The next three columns tell us the permissions that the group 'spear' has. The same rules apply here. According to the output, the 'spear' group can read everything, can write to nothing, and can only excecute 'autospear', 'postboot', and the directories 'bin' and 'log' (see the note below on how the execute bit affects directories.)
The next three columns tell us how everyone else can access the files. The same rules apply here. The world has read and execute permissions on 'bin' and 'log', and read permissions on 'syslog', but nothing else. That means that the 'kelly' account could see the contents of 'syslog', but not modify them. The 'kelly' account also could not even view the contents of 'autospear' or 'postboot', and 'kelly' could certainly not execute those scripts.
NOTE: If a directory has an execute bit, that means that the person with the permissions could 'cd' to that directory, but it does not allow them to change anything in that directory unless they also had the write permission as well. If the execute bit is missing for a user/group/world, then they are totally locked out of it. If you end up with a directory that you cannot 'cd' to, but you think you should be able to, check the execute bit.
NOTE 2:: Windows determines if a file is executable by its extension (the part after the '.' in the filename.) This is not true of Linux. Just because something is named 'runme.exe' does not mean that Linux will run it. You can take a file named 'willnotrun.txt' and do a 'chmod u+x willnotrun.txt' on the file, and suddenly it become executable. However, this does not mean that it will run properly unless it is a binary file or a properly built shell script. When you create a new binary (e.g.: fpc program.pas) the resulting binary file (program) will not be executable (unless the compiler does it for you) until you perform a 'chmod u+x program' on the file.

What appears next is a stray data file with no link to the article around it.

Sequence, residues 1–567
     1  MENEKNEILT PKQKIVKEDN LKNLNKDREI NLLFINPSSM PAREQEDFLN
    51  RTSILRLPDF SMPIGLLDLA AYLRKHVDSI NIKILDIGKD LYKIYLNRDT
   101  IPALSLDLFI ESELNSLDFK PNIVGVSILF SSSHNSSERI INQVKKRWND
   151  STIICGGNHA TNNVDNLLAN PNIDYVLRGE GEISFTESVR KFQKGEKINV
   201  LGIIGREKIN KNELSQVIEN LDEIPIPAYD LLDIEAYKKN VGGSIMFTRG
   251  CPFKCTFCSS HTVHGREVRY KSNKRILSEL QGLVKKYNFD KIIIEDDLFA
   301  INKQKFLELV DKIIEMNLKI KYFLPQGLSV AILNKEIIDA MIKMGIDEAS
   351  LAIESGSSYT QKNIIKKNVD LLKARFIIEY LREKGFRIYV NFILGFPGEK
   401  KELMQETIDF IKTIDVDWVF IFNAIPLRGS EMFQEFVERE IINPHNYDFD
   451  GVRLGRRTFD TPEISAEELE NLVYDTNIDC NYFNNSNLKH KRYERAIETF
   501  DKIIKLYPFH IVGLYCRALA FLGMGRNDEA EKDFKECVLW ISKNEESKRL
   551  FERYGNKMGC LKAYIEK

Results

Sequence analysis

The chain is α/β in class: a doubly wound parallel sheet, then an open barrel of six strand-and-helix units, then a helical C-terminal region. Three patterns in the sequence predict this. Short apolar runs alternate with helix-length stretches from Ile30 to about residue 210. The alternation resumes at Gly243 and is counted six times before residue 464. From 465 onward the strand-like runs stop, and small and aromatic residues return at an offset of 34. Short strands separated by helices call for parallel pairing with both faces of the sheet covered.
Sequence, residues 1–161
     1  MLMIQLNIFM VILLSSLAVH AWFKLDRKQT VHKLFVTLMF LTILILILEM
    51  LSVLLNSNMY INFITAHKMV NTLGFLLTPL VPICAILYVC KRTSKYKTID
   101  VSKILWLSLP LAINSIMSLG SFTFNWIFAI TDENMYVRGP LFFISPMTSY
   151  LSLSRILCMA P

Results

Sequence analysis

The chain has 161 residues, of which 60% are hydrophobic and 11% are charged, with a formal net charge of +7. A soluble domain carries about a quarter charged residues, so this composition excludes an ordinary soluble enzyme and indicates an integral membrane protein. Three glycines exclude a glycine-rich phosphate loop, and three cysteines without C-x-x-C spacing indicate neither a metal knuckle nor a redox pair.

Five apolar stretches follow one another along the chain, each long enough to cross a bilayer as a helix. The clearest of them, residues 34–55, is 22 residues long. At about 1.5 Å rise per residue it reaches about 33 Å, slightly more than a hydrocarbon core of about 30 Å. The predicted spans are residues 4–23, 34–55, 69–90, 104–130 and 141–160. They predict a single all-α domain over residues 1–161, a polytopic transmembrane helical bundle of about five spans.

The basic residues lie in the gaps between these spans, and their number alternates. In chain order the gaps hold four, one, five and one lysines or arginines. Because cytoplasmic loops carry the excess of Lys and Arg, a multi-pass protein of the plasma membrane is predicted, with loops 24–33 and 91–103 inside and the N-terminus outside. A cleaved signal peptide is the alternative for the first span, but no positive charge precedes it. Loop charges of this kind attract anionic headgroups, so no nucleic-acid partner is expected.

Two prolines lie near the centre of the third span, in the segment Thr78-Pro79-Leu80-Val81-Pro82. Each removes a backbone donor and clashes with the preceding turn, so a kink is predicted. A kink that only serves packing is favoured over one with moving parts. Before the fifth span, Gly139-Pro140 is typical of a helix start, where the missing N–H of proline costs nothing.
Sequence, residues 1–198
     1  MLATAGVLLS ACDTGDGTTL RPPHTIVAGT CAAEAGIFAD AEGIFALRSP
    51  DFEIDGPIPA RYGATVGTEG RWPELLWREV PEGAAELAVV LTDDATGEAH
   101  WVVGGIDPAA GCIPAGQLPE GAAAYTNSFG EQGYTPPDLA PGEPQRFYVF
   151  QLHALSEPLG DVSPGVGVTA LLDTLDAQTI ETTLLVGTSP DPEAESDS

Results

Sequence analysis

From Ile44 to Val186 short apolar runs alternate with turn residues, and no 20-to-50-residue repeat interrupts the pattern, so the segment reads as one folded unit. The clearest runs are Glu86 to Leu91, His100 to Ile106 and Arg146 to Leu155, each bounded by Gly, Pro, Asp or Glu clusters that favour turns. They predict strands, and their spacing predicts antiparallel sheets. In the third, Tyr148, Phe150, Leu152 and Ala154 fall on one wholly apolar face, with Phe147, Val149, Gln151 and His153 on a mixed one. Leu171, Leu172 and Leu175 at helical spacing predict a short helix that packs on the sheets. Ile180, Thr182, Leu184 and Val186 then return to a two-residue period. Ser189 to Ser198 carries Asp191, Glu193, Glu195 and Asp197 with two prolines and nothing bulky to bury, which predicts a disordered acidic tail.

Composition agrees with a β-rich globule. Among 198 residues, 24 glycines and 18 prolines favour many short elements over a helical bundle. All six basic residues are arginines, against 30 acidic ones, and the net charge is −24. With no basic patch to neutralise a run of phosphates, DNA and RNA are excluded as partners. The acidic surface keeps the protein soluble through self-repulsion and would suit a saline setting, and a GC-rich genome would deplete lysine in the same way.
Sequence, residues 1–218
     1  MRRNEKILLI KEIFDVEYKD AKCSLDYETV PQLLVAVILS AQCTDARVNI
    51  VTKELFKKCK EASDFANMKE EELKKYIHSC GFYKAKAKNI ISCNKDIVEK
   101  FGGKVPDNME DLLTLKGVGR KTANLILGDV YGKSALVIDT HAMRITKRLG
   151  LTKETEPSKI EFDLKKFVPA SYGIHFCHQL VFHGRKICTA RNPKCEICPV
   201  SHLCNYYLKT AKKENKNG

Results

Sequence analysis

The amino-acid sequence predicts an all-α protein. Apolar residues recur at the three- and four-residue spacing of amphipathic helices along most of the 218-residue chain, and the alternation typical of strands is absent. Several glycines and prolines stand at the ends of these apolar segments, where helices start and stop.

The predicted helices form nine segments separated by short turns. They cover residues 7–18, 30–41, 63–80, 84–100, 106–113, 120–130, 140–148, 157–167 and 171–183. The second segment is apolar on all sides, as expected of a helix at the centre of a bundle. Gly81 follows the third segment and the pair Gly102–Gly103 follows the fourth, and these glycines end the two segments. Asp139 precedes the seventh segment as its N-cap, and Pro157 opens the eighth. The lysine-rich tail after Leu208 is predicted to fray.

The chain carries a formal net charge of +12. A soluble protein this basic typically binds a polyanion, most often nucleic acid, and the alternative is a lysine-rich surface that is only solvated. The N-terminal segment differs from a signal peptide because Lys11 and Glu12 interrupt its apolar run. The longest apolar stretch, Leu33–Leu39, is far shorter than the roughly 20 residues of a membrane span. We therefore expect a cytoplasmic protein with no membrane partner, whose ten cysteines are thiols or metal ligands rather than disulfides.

To change the ownership of a file, you use the 'chown' command. It's pretty simple. You specify the new user, the new group, and the file to change. Example:
chown kelly:users source.pas
That would change the user owner for 'source.pas' to 'kelly' and the group owner to 'users'.
To change the permission of a file, you use the 'chmod' (change mode) command. This one is a little more complex than the 'chown' command. You need to specify which type of mode you are changing (user, group, or other), and what bits you are changing, and then what filename you are applying these changes to. Here are some exmaples:
Links are 'pointers' from one location to another. If you have a really long directory name (/opt/www/jtevans/htdocs/rpg/dnd/tools/) and you go to that directory quite often, it is possible to create a link from your home directory to point to the long directory name. This allows you to type something simple (cd tools) instead of something long (cd /opt/www/jtevans/htdocs/rpg/dnd/tools/). There are also cases where you have software that you upgrade quite often, so you may end up with a bunch of files like acrobat4, acrobat5, acrobat6, acrobat7, acrobat7.01, etc. Instead of trying to remember which was the latest version, and typing it each time, you can create a link when you an upgrade to point to the latest version. This allows you to type 'acrobat' and get to the latest version. To create a link, you simple do:
ln -s [source] [target]
In other words, I have done this in my home directory:
ln -s /opt/www/jtevans/htdocs/rpg/dnd/tools tools
and this allows me to type 'cd tools' from my home directory to get to the really long path name.
Last Modified: 2006-04-19